It's just that when I see him getting ragged on for not playing as well as he did in his first year, just remember, eyesight = vision, and vision = passing plays and assists. Not to mention he fell out of shape and out of the flow of the game from being out so long.
Lastly, Luongo. He hasn't really suffered a huge injury, except the groin pull(?) that sidelined him for a number of weeks. However, I think there is a bit of a mindset problem with him. And I think we are part of the blame. I include this because I consider it as a kind of injury, a mental one at that.
1. The team unwittingly puts pressure on him.
It's more than proven that we don't score goals in the playoffs. We have more games where we go 0-2 goals than 2+. Everyone knows this, and nobody knows better than Luongo, who is playing for a city who will blame the goaltender for most losses. A competitor himself, Luongo knows that if he does not play the one of the best games of his career, there isn't much chance of winning.
Don't tell me the lack of scoring doesn't get to him in any way. He is literally the counterpart to our offense. The better the offense, the less important the goaltending (probably correlates with the supposed regular season success since we score just fine). And, the worse the offense, the more scrutiny on the goaltending. Wait, what? When the offense starts to suck, our goaltending gets more blame during losses? Ah, it's not unjust at all. Roberto probably loves the extra middle finger.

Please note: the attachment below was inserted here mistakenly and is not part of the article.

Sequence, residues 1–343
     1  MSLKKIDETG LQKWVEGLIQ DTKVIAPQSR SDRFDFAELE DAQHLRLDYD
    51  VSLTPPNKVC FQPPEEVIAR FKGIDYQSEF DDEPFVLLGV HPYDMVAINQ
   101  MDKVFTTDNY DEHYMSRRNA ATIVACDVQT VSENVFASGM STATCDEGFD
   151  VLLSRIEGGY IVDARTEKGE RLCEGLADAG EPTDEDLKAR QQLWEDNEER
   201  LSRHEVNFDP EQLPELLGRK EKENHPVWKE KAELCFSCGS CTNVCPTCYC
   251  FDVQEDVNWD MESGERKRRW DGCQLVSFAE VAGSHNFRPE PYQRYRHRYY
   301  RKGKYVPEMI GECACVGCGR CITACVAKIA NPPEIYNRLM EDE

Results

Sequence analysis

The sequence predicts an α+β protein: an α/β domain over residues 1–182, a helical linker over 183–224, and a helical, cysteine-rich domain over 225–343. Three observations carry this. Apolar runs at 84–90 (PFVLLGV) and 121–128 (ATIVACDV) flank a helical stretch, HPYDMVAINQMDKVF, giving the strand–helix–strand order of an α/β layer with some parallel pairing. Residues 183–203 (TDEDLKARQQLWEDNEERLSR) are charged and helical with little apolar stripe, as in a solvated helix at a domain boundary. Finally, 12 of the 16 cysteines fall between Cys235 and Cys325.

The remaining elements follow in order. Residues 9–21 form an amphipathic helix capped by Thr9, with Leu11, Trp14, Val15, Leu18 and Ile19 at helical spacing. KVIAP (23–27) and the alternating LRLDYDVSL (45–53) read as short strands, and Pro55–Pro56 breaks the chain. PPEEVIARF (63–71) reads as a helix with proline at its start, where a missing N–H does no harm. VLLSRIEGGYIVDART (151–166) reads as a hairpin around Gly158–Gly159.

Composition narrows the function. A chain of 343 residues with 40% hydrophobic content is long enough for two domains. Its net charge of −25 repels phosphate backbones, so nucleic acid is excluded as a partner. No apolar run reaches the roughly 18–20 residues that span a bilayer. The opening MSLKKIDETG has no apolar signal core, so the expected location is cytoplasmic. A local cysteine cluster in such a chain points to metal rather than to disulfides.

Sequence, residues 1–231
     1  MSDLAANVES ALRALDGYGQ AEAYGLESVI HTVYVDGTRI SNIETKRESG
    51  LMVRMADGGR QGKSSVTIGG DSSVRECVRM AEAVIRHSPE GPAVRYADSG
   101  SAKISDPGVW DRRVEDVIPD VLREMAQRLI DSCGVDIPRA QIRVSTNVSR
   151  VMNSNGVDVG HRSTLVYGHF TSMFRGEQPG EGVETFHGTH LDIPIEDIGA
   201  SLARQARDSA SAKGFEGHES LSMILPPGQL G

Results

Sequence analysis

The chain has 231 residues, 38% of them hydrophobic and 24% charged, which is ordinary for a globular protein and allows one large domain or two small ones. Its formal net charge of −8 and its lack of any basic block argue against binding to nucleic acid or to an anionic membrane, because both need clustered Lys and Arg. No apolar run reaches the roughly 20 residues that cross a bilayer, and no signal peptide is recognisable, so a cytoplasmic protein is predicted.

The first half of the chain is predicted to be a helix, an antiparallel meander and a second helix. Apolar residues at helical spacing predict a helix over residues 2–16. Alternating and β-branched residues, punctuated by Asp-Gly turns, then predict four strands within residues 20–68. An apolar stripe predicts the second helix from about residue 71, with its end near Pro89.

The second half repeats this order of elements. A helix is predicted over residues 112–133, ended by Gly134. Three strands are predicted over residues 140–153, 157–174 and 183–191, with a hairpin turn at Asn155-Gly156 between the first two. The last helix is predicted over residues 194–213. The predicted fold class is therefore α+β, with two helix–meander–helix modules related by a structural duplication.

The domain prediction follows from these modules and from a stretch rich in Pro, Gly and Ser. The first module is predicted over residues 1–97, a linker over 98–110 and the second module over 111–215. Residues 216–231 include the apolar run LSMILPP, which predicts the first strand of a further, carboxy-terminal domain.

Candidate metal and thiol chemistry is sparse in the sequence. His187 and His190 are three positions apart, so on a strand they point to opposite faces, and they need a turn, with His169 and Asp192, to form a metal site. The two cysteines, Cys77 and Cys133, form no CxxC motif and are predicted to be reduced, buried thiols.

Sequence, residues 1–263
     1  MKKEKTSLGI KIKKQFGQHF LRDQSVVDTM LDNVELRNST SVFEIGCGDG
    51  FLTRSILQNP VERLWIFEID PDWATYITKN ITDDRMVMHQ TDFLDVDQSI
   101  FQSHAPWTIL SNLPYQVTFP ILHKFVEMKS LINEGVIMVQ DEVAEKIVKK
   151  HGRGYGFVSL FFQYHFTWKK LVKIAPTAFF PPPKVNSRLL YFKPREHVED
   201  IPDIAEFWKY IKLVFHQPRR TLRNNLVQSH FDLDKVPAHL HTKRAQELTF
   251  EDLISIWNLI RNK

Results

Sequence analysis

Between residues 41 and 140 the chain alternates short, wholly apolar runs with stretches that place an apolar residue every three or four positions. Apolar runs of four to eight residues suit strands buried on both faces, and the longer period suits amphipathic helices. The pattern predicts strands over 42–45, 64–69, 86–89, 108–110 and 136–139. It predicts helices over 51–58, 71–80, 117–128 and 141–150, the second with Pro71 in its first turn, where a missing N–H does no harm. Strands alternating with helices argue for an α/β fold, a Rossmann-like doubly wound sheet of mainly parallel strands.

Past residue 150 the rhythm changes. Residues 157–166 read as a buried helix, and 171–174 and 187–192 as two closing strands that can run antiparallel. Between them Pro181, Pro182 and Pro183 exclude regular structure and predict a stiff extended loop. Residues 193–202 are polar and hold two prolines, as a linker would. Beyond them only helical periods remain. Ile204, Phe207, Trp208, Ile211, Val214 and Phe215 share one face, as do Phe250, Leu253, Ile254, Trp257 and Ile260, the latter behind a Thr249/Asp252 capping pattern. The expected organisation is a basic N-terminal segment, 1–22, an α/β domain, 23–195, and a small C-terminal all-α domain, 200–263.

2. We ran him out of this city even if he is to stay. He has no reason to play his hardest consistently any more. Maybe that's why you see "inconsistencies". Don't you ever get that? Your job, school, something. You probably have gone, "what's the point of this" and wanted to just stop. Whatever the reason for that was, it was probably some form of the job feeling pointless or unrewarding. And I bet that's exactly how Luongo feels. Not many seem to like him, the media is looking to undermine him, and his backup is getting all the positive attention. Not to make him sound like a whiny child, but he is human. He has no obligation to be good to the fans if we aren't good to him.